Increasing the value of your business

David Villa-Clarke - Business Management Consultant

Many business owners have asked my opinion on how to grow their business and make it as attractive as possible ahead of a prospective purchase or merger.

The purpose of being in business is to make a profit. If you are currently considering your exit strategy you should have a documented plan that will look to provide you with an annuity or capital sum. To achieve this you must start with the end in mind and manage your business in order to maximise the value at exit.

An investor is looking for a business that is well managed and easy to integrate into their existing portfolio. Therefore, if your business model does not fit what they are looking for, they are likely to arrive at a different valuation to you. Every business is worth whatever someone is willing to pay for it, so make sure you get ahead of the game at least five years prior to exit.

Hidden costs could be affecting your bottom line. Try to identify savings you can make, which could optimise the synergy between your business and any prospective acquirer.

Outside of your people, the top three savings come from:

1.

IT –  having a reliable back office system

IT can help or hinder your processes. A back-office system helps with the management of client data and can help digitalise your client communication strategy – more on this in a future blog. Managing your client data electronically will give you greater insights into time spent working with each individual client. It will also help identify the true net cost to the business.

2.

Client segmentation management

Firms tend to categorise clients by asset values and typically rank them in three tiers. The best way to categorise a client is to consider their profitability rather than the number of individual transactions they may generate. This will affect the bottom line of your business. For example, some advisers discount client fees for advice if they invest with them, therefore discounting the fees they would have otherwise charged. It may be that the ongoing advice charge is sufficient to provide the required service, but how do you demonstrate that to a prospective purchaser? The best businesses I have seen monitor the true cost of servicing the client and ensure they are profitable.  Why is this important? A client bank with non-profitable clients is a detractor to any business and may incur costs on disposal; reducing the valuation.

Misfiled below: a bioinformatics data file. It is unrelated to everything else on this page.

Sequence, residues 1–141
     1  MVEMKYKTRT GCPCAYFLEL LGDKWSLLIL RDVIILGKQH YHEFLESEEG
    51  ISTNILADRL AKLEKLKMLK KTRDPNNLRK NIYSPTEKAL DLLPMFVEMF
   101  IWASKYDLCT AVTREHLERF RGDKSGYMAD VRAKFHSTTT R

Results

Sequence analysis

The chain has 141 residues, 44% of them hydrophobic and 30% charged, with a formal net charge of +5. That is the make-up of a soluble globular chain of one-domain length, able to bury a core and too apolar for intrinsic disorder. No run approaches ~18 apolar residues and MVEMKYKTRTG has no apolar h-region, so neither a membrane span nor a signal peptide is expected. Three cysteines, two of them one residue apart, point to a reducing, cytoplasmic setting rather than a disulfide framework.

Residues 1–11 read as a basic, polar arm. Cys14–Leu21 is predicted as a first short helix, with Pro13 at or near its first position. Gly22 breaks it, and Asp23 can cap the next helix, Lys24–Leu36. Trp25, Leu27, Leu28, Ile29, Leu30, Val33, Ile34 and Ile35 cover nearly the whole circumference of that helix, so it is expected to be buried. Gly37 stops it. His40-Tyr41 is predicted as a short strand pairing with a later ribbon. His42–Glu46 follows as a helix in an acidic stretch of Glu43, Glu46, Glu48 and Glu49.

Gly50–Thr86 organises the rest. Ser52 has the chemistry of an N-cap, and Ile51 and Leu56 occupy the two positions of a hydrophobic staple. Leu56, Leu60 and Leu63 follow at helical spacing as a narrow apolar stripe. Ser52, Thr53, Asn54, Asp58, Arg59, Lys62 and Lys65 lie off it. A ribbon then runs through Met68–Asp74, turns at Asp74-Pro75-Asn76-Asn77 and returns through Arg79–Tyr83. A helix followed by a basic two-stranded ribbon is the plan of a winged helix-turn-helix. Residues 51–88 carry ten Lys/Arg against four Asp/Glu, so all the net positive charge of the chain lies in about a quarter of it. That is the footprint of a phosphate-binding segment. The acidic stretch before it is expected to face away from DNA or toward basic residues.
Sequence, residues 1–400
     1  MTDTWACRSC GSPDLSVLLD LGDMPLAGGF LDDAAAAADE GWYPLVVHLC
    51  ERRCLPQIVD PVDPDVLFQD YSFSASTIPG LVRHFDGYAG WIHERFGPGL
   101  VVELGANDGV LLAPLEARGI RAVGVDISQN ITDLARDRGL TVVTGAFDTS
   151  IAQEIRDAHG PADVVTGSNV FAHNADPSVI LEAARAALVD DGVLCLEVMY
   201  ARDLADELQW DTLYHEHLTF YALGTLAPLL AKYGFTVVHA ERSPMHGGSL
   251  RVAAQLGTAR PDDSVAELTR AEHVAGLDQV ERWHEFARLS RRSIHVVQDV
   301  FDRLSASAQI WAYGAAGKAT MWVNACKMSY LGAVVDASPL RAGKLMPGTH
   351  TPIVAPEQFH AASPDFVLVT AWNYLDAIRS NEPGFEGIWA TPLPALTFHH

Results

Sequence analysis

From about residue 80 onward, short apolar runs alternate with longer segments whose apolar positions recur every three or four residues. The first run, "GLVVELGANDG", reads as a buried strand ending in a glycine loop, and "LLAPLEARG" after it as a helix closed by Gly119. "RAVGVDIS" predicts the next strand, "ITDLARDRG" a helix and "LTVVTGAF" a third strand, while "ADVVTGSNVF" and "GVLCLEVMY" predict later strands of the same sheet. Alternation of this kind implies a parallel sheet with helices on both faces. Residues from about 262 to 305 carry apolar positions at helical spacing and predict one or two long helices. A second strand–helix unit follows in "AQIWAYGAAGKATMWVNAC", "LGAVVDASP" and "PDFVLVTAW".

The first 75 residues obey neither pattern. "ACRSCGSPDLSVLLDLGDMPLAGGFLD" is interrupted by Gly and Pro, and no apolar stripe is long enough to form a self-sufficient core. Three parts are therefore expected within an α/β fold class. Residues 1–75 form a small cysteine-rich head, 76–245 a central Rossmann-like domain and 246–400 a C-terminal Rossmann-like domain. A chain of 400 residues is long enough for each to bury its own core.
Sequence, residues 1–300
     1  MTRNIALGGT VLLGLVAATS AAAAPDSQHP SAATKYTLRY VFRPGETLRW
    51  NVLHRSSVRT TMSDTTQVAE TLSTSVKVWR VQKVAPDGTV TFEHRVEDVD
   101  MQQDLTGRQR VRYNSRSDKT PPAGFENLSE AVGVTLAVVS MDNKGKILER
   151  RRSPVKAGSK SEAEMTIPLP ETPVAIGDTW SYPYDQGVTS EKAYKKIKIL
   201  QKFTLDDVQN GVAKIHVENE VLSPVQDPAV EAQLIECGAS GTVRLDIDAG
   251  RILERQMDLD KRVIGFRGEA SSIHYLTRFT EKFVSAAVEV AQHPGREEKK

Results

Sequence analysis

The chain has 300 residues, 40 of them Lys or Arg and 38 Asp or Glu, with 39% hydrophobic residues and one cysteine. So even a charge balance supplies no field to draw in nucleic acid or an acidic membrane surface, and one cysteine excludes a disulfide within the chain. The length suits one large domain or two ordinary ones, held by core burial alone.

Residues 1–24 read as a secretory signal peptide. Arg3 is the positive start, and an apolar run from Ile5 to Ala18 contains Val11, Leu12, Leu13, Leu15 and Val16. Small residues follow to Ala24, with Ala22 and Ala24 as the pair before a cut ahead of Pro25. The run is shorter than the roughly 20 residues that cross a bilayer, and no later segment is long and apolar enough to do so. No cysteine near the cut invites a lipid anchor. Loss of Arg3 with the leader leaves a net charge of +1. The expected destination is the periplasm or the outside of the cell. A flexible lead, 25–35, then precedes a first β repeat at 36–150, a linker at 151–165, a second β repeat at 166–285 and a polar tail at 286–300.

3.

Investment proposition

The investment strategy you choose will determine the amount of time and administration required from your team in order to manage it. If the investment committee is held in house, due diligence must be conducted on the assets selected and regular, comprehensive, reviews of the portfolios must be carried out. This in turn represents a challenge to the average IFA whose core proposition is in giving financial advice, not investment management. If an investment professional is brought in to manage the proposition, this is an added cost to the business. Oversight would still be required to ensure the investment strategy meets client expectations and is consistent with their attitude to investment risk. To increase value in your business the obvious solution is to outsource to a reputable investment management firm that can meet your requirements. An investment proposition that can be easily transferred into an acquirer adds instant value. The acquirer will be able to assess the suitability of your investment strategy and if necessary, manage the proposition. The investment strategy and choice of provider therefore play a big part in due diligence prior to any offer being made. As such it is vital in ensuring your business increases in value.